A RETIRED civil servant from Carcassonne is standing as an MP in the British elections to highlight the absurdity of the 15-year limit on the expat vote - he could be an MP, but cannot vote.
James Franklyn Jackson, 71, a former treasurer of Colwyn Bay Council and of the Falkland Islands government, has paid up his deposit and found his required 10 ‘subscribers’ from his chosen constituency – Uxbridge and South Ruislip, where London mayor Boris Johnson is also standing as an MP. The application had to be lodged by last week.
Mr Jackson, who is standing independently, told Connexion in an email: “Amazingly, although I live outside of the UK and cannot vote, nothing in law prevents me from standing as a parliamentary candidate.
“If elected, I could represent a constituency in which I know no one. In a balance of power situation, I could conceivably make the difference to which party becomes government of the day.
“Taking it to the extreme, there would be nothing, if support were forthcoming, to stop me becoming Prime Minister, but I would still be unable to vote.
“The present government often says that 'Britain is open for business' but with the present electoral laws, it is also 'open to ridicule.' The whole system is a complete shambles and totally absurd.”
Partner Pat Stevenson said Mr Jackson has “absolutely no interest in being an MP, but I respect the fact he’s prepared to pay up and do something about it”.
“He’s now a fully-fledged candidate. He has no connection with the constituency whatsoever but chose it because Boris Johnson was standing there and he thought it was likely to obtain more publicity.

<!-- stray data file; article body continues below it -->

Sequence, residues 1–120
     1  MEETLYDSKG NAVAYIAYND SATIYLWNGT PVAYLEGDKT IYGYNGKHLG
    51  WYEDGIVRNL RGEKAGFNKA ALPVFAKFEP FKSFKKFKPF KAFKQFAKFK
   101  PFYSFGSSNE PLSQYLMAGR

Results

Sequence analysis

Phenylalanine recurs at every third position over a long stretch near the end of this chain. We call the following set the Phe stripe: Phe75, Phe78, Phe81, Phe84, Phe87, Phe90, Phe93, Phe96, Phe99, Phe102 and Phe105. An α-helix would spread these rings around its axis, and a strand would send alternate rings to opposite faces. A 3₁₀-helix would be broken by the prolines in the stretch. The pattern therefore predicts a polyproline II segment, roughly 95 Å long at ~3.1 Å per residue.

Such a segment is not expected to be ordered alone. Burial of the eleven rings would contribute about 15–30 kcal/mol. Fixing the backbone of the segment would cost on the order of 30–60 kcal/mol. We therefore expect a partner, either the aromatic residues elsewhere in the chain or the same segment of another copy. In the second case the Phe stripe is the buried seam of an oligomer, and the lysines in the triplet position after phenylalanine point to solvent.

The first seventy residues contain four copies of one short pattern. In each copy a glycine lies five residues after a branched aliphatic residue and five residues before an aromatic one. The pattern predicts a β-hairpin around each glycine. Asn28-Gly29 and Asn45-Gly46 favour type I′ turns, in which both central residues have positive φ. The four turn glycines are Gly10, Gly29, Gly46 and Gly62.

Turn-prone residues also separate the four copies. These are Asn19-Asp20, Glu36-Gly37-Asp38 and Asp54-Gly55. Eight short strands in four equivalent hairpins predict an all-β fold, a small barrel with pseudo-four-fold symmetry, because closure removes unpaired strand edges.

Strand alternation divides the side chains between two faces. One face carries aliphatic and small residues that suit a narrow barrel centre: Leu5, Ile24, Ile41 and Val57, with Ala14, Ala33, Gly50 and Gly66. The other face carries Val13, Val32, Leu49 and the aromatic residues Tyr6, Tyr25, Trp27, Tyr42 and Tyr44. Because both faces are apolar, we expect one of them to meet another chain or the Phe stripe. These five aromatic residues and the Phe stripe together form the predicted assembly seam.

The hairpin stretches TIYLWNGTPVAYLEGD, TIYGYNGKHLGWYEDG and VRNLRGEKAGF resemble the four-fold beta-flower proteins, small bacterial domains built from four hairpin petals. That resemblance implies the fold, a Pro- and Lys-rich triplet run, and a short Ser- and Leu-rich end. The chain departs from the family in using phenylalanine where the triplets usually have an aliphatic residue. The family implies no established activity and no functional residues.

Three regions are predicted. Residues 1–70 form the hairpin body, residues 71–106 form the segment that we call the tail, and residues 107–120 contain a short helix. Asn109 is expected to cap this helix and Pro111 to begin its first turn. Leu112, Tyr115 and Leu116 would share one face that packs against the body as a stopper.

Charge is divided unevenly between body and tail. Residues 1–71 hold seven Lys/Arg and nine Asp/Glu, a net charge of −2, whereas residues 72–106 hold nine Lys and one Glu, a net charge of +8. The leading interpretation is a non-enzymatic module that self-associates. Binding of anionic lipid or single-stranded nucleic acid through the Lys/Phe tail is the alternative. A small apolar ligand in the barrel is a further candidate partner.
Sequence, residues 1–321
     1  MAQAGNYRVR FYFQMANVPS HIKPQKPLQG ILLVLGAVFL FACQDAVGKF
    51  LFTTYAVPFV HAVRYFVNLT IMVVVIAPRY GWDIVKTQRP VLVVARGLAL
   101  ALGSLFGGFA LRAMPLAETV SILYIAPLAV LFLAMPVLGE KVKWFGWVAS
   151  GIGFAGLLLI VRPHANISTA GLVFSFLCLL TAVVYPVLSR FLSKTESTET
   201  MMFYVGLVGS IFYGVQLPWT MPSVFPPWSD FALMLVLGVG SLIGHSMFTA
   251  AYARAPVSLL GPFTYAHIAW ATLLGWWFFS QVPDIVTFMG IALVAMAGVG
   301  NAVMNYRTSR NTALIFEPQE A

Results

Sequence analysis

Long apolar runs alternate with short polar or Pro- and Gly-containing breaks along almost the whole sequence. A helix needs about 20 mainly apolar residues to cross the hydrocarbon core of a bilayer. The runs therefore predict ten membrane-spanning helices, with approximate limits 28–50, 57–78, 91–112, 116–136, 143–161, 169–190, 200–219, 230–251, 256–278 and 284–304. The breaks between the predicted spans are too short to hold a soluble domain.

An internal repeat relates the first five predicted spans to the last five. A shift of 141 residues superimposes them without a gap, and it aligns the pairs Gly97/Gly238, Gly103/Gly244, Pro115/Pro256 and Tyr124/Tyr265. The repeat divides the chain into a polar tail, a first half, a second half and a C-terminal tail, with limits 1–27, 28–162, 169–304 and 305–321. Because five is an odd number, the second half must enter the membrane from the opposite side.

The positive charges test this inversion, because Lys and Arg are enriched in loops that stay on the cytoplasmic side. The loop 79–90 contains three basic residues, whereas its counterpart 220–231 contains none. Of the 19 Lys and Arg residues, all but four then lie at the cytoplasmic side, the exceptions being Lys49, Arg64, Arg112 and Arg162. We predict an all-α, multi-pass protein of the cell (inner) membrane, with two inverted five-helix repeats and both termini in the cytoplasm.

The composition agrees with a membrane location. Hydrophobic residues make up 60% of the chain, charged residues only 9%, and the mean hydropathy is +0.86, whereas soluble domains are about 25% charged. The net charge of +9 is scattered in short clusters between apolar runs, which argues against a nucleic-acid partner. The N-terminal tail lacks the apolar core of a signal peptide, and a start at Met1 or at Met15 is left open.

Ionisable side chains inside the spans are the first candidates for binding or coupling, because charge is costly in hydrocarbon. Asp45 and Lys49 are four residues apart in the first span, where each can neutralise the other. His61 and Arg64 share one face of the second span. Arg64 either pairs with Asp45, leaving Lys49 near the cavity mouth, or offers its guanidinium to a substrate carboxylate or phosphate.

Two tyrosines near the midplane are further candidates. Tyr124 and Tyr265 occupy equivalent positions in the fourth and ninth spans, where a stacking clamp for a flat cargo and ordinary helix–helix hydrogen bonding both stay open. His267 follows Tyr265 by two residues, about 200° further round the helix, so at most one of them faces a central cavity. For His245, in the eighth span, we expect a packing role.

“He found his supporters by knocking on doors. He expected it to be difficult, but once he made his point people were more than willing; he could have got hundreds of them. He told them ‘I’m not asking you to vote for me, I just need your support to be a candidate’.”
She added: “We both feel it is crazy that none of us can vote once we have been abroad for more than 15 years.
“The French have dedicated MPs for their expatriates and almost everywhere else in Europe you maintain a vote for life.”
Mr Jackson, who was not available to talk today, has been in France for almost 11 years but formerly lived in the Falklands and before that Egypt, so has long since passed the 15 years.
He wrote that he is not expecting to be elected, but would urge expats to contact the new MPs after the election over the need to end the 15-year rule – not least so that Britons could take part in any future referendum on the UK’s membership of the European Union.
While the Conservatives have pledged to end the rule if elected, Mr Jackson questioned why they have not done so already. They have also so far been unable to clarify to Connexion if they would change the rule in time for the referendum, which they hope to hold before the end of 2017.